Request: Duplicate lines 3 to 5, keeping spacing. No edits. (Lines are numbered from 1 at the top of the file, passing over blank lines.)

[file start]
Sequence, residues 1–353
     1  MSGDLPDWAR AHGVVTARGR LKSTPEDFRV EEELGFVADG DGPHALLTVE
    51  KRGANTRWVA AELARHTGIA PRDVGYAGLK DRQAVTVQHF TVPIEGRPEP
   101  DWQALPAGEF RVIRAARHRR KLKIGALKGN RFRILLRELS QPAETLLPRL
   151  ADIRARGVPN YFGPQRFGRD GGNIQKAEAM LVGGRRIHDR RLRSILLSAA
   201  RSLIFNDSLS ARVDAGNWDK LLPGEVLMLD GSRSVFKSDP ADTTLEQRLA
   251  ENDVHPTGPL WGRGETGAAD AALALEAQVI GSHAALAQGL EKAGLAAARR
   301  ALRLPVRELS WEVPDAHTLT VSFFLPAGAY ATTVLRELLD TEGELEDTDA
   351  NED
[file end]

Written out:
    51  KRGANTRWVA AELARHTGIA PRDVGYAGLK DRQAVTVQHF TVPIEGRPEP
   101  DWQALPAGEF RVIRAARHRR KLKIGALKGN RFRILLRELS QPAETLLPRL
   151  ADIRARGVPN YFGPQRFGRD GGNIQKAEAM LVGGRRIHDR RLRSILLSAA